As the 10-year Treasury yield hit 1.908 percent by Tuesday morning, the lowest level in 60 years, Robert Doll, BlackRock's chief equity strategist, said investors who are piling into Treasurys rather than investing in equities are using "ludicrously conservative assumptions."
Doll predicted a trading range for the S&P 500 index of between 1,100, its April 9 low, and 1,250, with lots of volatility in both directions. Doll added that he thinks the index will pierce the downside of his predicted range if the U.S. has another recession or if Europe's economic situation worsens.
Doll said the index could rise above the high end of the range if Europe holds it together and the U.S. economy does not head back into recession , an event that he deemed unlikely.
Doll expects the S&P 500 to drop further if European policy continues to be paralyzed, and if a combination of the following occurs: a move toward European nationalization, a breakdown in the euro, the failure of a major European bank, or a recession in Europe. He said the risks of this happening continue to rise, as policymakers are still not able to make significant progress in Europe.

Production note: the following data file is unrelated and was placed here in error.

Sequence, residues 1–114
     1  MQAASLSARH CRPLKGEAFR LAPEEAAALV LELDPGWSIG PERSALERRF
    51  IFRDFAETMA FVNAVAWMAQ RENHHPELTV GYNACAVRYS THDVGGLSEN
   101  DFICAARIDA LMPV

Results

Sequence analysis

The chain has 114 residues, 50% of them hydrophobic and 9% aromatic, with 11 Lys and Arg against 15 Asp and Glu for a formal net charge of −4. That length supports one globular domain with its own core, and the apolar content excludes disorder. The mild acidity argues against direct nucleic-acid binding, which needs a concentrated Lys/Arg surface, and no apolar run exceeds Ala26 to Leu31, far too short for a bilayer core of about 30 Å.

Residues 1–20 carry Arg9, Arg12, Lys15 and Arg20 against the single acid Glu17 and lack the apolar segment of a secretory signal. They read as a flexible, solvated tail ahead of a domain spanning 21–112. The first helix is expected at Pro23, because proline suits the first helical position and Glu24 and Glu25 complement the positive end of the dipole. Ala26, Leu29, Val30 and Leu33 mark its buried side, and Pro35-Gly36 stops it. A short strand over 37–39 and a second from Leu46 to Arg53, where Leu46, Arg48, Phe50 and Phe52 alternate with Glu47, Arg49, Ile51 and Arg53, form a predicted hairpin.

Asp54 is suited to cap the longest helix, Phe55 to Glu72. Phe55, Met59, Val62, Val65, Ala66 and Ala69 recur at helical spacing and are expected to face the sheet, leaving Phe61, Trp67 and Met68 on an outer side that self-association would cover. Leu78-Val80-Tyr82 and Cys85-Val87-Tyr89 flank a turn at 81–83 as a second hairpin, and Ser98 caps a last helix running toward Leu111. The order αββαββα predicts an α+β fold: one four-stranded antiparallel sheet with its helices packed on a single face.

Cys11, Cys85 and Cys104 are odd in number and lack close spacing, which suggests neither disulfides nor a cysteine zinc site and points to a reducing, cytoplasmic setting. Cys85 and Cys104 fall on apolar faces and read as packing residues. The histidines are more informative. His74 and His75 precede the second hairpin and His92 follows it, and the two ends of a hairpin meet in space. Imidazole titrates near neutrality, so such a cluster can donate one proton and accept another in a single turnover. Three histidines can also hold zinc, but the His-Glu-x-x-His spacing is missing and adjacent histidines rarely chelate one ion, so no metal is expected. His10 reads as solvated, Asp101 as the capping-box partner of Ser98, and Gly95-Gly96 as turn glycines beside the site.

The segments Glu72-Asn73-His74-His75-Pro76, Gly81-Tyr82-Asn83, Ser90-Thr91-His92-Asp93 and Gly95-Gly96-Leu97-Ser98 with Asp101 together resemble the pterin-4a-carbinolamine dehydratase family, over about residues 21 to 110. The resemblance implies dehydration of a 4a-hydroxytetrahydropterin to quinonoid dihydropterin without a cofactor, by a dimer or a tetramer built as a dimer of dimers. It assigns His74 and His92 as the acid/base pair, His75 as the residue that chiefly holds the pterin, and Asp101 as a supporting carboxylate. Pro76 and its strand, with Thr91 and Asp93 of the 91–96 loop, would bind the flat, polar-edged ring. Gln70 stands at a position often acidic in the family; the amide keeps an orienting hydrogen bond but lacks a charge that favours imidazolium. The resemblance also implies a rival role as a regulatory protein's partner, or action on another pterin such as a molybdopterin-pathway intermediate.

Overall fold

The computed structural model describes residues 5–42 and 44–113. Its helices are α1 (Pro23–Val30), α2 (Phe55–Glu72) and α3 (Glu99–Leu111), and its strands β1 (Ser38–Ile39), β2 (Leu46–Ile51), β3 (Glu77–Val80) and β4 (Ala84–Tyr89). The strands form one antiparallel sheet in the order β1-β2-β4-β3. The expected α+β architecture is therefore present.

"We're on the brink," Doll said. "We need (a European Central Bank) rate cut, or some faster purchases of ECB bonds, or the guarantee of bank lending as the U.S. FDIC did post the Lehman bankruptcy, or euro bonds—something along those lines to try to break the logjam."
Doll added that he thinks nothing that President Barack Obama will proposeduring his speech on Thursday will be able to improve the U.S. economy, because the proposals likely will not pass.
"I think the market is expecting nothing necessarily good to come from president, so if there is anything good, the market actually could go up," Doll said. "I think it's going to be a non-event, and people are not expecting much."
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